Green Living

New York, 09 July 2018 – UN Environment and Yale University in collaboration with UN Habitat today unveiled a new eco-housing module, to spark public discussion and new ideas on how sustainable design can provide decent, affordable housing while limiting the overuse of natural resources and climate change. The 22-square-meter “tiny house” is fully powered by renewable energy and designed to test the potential for minimizing the use of natural resources such as water.

In a recent Nature Sustainability paper, a team of scientists concluded that the Earth can sustain, at most, only 7 billion people at subsistence levels of consumption (and this June saw us at 7.6 billion). Achieving ‘high life satisfaction’ for everyone, however, would transgress the Earth’s biophysical boundaries, leading to ecological collapse.

Despite its seeming scientific precision, the claim is old, not new – the latest iteration of the longstanding assertion that our population and consumption might soon exceed the Earth’s fixed ‘carrying capacity’. The concept, tellingly, owes its origin to 19th-century shipping, referring to the payload capacities of steamships. It jumped from the inanimate to the terrestrial at the end of the 19th century, describing the maximum number of livestock or wild game that grassland and rangeland ecosystems could sustain.

How can we dispose of our rubbish, i.e. what cannot be composted, repurposed/upcycled or recycled without using a plastic bag, this modern menace?

In Greece, as in many other parts of the world, people used to re-use plastic grocery bags handed-out free for throwing their garbage, but a new law has applied a tax on plastic shopping bags, so as they are charged people are avoiding them (about 80% reduction in 2 months!). But this also means that consumers now have to buy other plastic bags, from the same grocery store, for their rubbish. Its win-win for the grocery store but not for the environment or our pockets.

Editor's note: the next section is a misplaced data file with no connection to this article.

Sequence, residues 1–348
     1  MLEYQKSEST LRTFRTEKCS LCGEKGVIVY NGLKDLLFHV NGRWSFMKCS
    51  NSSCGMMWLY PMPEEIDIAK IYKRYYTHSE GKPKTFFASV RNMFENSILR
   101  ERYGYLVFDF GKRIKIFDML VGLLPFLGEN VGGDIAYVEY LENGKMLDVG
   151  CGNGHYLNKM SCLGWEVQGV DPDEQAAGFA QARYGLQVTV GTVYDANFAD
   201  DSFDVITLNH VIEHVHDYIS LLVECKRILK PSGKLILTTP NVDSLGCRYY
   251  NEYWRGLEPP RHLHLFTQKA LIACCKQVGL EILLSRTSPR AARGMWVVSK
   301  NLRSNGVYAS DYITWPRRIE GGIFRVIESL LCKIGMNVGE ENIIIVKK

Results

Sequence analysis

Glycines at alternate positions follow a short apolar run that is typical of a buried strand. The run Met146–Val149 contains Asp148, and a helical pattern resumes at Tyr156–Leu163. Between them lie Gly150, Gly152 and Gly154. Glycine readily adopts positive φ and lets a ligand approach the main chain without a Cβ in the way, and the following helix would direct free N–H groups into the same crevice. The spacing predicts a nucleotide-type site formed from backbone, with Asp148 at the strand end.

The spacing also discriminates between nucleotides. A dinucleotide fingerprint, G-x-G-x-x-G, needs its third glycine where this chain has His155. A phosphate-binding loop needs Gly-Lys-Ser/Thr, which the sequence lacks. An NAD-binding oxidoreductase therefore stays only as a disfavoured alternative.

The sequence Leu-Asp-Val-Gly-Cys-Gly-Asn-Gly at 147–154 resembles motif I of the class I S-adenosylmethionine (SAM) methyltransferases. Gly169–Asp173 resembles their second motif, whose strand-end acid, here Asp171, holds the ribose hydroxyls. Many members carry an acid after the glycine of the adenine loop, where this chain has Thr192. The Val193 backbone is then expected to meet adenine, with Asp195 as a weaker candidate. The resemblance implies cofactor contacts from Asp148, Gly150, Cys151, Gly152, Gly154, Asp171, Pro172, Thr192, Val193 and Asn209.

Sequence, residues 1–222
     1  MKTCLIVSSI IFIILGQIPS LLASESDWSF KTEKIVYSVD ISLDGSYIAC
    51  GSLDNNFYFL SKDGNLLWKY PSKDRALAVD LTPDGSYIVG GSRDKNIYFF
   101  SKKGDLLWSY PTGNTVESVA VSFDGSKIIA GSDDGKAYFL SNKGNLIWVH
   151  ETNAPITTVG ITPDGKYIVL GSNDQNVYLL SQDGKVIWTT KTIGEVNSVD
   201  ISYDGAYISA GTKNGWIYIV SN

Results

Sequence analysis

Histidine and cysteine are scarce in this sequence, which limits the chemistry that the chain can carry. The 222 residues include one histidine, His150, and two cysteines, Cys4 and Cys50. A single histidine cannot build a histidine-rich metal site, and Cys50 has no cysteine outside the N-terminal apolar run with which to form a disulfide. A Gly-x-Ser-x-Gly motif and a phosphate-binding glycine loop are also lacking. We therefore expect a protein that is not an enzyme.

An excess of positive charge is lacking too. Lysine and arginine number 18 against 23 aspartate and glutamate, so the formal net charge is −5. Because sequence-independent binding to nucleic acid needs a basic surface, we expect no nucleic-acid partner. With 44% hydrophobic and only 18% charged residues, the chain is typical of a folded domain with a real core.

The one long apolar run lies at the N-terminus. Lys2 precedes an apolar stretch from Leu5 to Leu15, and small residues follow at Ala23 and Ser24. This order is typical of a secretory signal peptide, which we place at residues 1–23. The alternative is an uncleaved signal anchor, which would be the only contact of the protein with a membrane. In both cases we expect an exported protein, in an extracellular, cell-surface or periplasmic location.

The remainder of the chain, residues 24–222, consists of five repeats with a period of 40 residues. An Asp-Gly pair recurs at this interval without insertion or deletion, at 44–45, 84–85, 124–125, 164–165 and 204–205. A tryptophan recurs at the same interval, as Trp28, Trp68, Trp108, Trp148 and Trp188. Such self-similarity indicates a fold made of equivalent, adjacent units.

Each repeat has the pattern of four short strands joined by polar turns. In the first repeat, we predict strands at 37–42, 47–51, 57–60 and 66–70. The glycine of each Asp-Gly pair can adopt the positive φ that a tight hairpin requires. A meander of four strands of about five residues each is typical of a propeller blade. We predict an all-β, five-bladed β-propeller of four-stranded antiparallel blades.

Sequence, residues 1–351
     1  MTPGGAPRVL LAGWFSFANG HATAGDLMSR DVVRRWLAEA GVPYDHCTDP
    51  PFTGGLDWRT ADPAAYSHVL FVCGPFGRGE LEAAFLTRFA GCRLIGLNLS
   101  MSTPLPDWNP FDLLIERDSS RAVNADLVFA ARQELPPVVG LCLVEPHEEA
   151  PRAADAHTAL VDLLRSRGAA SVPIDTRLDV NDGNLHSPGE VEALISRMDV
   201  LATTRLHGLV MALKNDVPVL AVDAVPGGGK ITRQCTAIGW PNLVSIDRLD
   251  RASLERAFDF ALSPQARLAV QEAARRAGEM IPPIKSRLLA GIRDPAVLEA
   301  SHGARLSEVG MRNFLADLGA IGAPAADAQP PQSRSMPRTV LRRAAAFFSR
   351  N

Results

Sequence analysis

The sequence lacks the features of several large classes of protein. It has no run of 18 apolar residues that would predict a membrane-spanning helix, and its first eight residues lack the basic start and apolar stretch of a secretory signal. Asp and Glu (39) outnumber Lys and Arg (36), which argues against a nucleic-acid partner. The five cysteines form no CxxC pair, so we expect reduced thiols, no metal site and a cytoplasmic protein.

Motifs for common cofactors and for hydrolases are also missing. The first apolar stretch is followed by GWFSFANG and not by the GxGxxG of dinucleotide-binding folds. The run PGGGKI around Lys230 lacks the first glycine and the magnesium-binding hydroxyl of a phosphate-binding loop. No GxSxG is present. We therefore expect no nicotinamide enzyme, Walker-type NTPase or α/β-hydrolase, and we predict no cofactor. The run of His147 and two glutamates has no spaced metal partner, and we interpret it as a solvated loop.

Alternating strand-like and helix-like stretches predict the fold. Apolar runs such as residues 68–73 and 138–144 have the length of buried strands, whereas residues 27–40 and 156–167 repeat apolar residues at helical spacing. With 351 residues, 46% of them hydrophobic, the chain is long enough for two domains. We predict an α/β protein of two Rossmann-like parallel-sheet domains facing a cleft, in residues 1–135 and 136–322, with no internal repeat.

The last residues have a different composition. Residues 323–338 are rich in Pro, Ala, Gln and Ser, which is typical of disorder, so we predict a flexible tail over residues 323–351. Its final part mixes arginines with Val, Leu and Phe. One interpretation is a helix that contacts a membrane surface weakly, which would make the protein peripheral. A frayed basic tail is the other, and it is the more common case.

In non-vegan households that do not have dogs, these famous omnivores, there are food leftovers that cannot be composted. Perhaps your neighbours are complaining of real or fictitious foul smells or insects emanating from your compost bin. Perhaps your municipality does not have special bins for greasy, meat and dairy-based food leftovers. (Ours has fortunately installed three different points within walking distance, but very few people are using them - old habits die hard). In more environmentally-aware places with city-wide composting, like San Francisco, throwing your food waste in the designated compost bin is mandatory; hopefully this will become the norm globally in this century or the next(see, we are realists).

Ecology, like charity, starts at home. Poor waste management is an acute problem in many parts of the world, while it is possible, with some effort to approach zero waste, through reduce-reuse-upcycle-recycle. In this new, Green Living, section we plan to examine how easy it is to green our everyday routine, and we start with Compost or "black gold", an ancient agricultural practice which can be relatively easily performed even in a balcony or apartment, and save the climate from some more methane, a greenhouse gas that is produced when your biodegradable waste breaks down anaerobically (i.e. without oxygen) in a landfill.